Spouse Won’t Talk to You? Here are Some Tips for Marriage Communication Help

February 14, 2011 · Print This Article

One of the most frustrating marriage problems for couples tends to be communication within the marriage. Couples sometimes feel they need marriage communication help or marriage counseling to get back on track with one another. And although marriage counseling may be the right solution, I would like to offer some advice to consider trying first.

Typically, communication problems for wives stem from when their spouse has difficulty confiding and sharing. Comments like “my husband won’t talk to me” are a common symptom of communication problems within a marriage. These comments are also indicators that getting help to work through the problems could be important to consider.

It doesn’t matter if it is a major or minor topic, many women share during marriage counseling and therapy sessions that they feel extremely anxious and alone when their husbands have difficulty in providing the level of communication needed. After years of experiencing rejection, wives sometimes report feeling abandoned, and in the worst of situations, believe they need help for a broken marriage.

Intimate marriages where both partners feel a strong and close communication connection and are able to confide in one another, frequently have two processes at work. The first is gentleness and the second is acceptance. Intimate marriages have an “emotional intimacy barometer.” In most of these marriages, the wife is the monitor of the emotional intimacy levels. This is a wonderful, intuitive gift for knowing when the emotional distance between two people is too much and often leads to the wife attempting to draw the husband to be closer emotionally. The wife often brings something to her husband in an attempt to reconnect and open communication. When her attempt is met with acceptance, love, and open arms by her husband, the balance of closeness and distance begins to be restored. When her attempt at improving communication within the marriage is met with rejection by her husband, ignoring, or even belligerence, closeness continues to erode and intimacy embarks upon a slow death. A broken marriage can sometimes be the end result.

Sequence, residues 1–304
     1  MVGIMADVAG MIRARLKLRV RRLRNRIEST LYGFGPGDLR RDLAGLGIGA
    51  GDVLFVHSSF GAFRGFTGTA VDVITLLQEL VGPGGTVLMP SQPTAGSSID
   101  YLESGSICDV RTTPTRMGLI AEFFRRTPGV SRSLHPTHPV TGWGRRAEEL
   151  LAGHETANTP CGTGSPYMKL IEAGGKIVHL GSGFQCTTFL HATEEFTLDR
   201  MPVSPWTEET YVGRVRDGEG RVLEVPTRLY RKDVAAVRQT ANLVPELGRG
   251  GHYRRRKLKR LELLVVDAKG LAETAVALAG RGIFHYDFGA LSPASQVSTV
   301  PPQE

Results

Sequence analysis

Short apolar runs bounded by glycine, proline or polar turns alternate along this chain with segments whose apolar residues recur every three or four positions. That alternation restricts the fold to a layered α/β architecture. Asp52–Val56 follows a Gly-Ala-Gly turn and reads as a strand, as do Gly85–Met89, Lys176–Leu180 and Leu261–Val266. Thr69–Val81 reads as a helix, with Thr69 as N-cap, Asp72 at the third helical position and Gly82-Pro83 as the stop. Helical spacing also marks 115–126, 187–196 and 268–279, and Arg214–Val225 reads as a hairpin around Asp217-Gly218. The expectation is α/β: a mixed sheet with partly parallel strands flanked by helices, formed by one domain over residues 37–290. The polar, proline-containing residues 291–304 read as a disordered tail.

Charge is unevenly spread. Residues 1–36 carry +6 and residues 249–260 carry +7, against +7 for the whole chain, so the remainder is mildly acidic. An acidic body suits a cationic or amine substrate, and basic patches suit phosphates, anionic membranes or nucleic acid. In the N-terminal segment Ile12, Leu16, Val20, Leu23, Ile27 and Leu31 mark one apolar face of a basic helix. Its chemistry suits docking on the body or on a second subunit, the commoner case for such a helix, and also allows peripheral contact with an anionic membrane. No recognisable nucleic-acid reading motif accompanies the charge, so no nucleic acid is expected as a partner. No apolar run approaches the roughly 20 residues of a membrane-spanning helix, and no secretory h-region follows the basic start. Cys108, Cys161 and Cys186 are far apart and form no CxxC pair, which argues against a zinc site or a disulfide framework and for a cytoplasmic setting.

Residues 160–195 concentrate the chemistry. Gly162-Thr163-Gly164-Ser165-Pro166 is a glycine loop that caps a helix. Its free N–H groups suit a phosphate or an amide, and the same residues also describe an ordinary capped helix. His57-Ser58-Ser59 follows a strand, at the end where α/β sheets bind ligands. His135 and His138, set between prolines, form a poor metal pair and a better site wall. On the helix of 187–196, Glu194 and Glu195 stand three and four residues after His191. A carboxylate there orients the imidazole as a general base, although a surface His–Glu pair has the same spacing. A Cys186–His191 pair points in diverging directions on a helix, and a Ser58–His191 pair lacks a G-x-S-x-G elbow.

My advice is first for the men reading this: Meet your spouse’s needs for communication, ANY kind of discussion, with responsiveness. Instead of lecturing or providing all the reasons why something is the way it is, or the pros and cons of it, give your spouse a compliment and focus on her strengths. Appreciate that she is coming to you, confiding in you, sharing…communicating. Let her know you hear her.  It can be something like “Thanks for bringing this up” or “I am really glad I have you to pay attention to these things.”  Next, find something in what she is saying that makes sense and you agree with.  Ask for more of her thoughts on the matter. I guarantee she has lots to say on the issue. Value her and all that she brings to the table!

Advice for wives: Timing of the communication is everything! How you say it is as important as when you say it!  Gently approach your spouse and ask if it is a good time to talk about something important. Don’t accept ignoring! If this happens, simply state, “After X” or “in 10 minutes” I want to get your opinion and thoughts on Y. Be specific with the topic and stay with one topic – gently. Believe me when I tell you that husbands can get easily overwhelmed and can have a difficult time tracking multiple topics. Stay with one topic and only one topic. That will be enough for your spouse to digest at one time.  And, the same expressions of appreciation apply, but in a way that embraces communication, such as “I really appreciate you listening to me. It makes me love you and be more attracted to you every time you do it. Thanks.”

These communication tips won’t solve every marriage problem. However, I encourage you to give them a try for at least three to six months. No less. If there is a setback in communication, think about how you can make it better next time rather than what your spouse needs to do different. And, if it does not go so well, be the first to extend an olive branch and say “I am sorry for…Can we try again?”

You are always welcome to call our team of highly-trained professionals at Stein Counseling and Consulting if you ever feel that you and your spouse could benefit from unbiased and impartial marriage counseling. We have helped many married couples eliminate the feelings of living in a broken marriage. Some marriage counseling successes can be:

  • Increase intimacy and closeness in a relationship
  • Build a culture of praise and appreciation